A question that is being asked by talking heads on the right-wing yak shows lately is, “Where are all the green jobs?” Well, there is a simple answer: Those jobs are here in the Southwest, my little conservative Debbie Downers. All over Southern California, Nevada, New Mexico and Arizona you will find massive solar projects with thousands of construction workers getting their first paychecks in months or, in some cases, years. There are so many solar-energy jobs helping us climb out of the absolute depression in the electrical industry that you can’t swing a Birkenstock and not hit one.
That’s right, despite their efforts to kill every single meaningful jobs bill in the House and Senate for the last four years, conservatives have failed to stop the sprouts and shoots of the new green economy.
Why is it happening now? There is a requirement for all of California’s electric utilities to buy 33 percent of our power from renewable energy sources by 2020.
(In today’s Los Angeles Daily News, staff writer Dakota Smith reports on one of the city’s most promising initiatives — an energy efficiency program that is saving consumers money, creating jobs and reducing our energy use. The project, a partnership between the International Brotherhood of Electrical Workers Local 18 , the union representing the utility’s workers, and the Department of Water and Power, has received strong support from RePower LA, a broad-based coalition that promotes the economic and environmental benefits of energy efficiency.)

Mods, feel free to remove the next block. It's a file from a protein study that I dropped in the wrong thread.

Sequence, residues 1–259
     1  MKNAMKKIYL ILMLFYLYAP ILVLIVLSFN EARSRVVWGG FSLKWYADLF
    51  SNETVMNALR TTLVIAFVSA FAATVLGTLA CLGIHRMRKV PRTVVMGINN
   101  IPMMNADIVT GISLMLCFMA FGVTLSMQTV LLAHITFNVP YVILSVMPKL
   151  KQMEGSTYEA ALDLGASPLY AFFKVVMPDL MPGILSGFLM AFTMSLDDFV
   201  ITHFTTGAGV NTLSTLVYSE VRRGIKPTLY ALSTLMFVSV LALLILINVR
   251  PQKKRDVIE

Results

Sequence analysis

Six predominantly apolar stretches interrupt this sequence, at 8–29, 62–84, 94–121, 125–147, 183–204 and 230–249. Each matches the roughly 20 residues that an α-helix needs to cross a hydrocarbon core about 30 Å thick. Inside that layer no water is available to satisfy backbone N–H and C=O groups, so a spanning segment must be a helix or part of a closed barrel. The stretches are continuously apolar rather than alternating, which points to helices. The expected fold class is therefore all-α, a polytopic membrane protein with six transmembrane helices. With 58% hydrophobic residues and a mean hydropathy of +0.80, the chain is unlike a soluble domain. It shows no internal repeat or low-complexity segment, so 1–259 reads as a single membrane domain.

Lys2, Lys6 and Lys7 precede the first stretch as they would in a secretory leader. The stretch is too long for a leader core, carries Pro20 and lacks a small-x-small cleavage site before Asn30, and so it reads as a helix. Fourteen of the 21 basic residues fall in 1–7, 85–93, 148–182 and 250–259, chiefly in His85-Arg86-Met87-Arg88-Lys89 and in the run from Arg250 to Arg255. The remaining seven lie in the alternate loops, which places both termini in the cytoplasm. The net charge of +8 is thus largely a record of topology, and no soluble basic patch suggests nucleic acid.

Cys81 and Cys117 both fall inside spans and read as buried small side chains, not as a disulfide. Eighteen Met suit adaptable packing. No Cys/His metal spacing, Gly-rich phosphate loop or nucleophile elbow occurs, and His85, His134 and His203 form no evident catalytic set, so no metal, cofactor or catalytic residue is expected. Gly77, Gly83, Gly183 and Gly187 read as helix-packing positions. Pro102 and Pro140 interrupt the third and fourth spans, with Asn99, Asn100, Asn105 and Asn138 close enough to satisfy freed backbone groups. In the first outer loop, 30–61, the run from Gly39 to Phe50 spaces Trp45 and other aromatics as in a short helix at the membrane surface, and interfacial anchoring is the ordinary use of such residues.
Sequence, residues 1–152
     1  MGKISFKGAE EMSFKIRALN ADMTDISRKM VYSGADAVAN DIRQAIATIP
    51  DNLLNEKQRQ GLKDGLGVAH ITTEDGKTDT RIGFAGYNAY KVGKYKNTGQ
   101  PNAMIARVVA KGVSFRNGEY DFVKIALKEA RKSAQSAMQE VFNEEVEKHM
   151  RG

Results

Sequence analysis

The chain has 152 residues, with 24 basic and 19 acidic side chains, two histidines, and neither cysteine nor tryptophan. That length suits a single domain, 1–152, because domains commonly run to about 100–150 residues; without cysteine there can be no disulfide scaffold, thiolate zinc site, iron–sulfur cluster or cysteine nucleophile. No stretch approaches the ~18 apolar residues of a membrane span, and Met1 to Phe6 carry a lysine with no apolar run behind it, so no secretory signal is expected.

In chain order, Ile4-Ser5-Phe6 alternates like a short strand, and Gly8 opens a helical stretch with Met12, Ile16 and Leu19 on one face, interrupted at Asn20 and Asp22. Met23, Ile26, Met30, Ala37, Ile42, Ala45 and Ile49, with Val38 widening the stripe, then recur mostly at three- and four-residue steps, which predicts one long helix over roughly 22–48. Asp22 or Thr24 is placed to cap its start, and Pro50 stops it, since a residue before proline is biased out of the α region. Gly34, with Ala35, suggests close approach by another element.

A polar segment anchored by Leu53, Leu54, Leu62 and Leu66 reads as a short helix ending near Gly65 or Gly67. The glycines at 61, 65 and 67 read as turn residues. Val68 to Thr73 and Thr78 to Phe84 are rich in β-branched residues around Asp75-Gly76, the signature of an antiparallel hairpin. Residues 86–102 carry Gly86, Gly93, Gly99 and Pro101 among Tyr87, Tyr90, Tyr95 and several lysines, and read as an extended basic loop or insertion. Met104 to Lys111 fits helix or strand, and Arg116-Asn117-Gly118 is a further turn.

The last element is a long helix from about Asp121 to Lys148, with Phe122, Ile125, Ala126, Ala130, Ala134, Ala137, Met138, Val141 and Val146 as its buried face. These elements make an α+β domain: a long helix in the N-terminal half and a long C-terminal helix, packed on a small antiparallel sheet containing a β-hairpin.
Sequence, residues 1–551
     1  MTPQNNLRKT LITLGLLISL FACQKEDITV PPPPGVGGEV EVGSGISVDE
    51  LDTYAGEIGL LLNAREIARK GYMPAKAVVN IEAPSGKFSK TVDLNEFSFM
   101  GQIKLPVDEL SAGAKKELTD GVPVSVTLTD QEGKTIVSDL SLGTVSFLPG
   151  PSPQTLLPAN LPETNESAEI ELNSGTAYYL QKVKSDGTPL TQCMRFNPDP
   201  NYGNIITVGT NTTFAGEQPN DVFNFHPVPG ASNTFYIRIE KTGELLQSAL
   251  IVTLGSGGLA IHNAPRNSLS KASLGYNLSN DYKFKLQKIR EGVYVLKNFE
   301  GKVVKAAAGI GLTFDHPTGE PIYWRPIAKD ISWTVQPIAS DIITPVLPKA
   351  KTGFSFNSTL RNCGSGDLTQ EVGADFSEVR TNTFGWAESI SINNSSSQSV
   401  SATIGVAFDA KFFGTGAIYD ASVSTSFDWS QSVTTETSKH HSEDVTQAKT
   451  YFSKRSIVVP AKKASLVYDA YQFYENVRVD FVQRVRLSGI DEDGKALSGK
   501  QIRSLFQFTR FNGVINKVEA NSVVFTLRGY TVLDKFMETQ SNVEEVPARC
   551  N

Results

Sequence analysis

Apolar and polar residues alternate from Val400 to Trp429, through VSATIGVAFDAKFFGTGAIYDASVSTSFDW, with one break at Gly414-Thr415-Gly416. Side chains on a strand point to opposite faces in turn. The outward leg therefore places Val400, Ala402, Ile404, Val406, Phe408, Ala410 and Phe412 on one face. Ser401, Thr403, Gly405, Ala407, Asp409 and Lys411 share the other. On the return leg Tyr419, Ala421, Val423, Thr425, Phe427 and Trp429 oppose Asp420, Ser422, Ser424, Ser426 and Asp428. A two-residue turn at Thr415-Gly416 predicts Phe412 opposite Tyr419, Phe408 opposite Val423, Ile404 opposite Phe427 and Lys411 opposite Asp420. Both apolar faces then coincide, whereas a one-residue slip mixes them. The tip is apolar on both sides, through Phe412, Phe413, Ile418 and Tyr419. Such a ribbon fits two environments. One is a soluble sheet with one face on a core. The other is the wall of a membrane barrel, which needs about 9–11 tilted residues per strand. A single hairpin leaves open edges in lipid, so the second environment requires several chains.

Lorraine Cannon stretches every dollar. The 84-year-old lives off a monthly retirement check from L.A County, and she shares her Pacoima house with her granddaughter and three young great-grandchildren.
But now helping to pay the bills is an unlikely source: the Los Angeles Department of Water and Power.
Cannon’s house was picked for an energy efficiency makeover by the department,
RePower LA’s proposal “appears to be one of those rare public policy ideas that generates not only broad, but enthusiastic support from the electorate. Voters appreciate that it not only creates needed jobs, opportunities with union benefits, but it does so while cleaning our air, reducing electricity bills for 10,000 homes and businesses a year, and lowering electricity generating costs for generations
The Board of the Los Angeles Department of Water and Power took a huge step towards a greener, more efficient Los Angeles last Thursday. With a unanimous vote, the Board more than doubled LADWP’s investment in energy efficiency programs while also committing to sustaining that investment over the long term.
The Board set a goal of reducing energy consumption “at least 10%” with a soft target of 15% by 2020, pending the results of a new energy efficiency potential study. “These are significant increases and set LADWP on the path to be a leader in energy efficiency, allowing its customers to take advantage of this clean and cheap source of power,” NRDC’s Kristin Eberhard blogged the next day. “A robust energy efficiency budget can help create jobs and displace dirty coal in LADWP’s portfolio.” The vote came after over a year-and-a-half of organizing by a diverse coalition of environmentalists,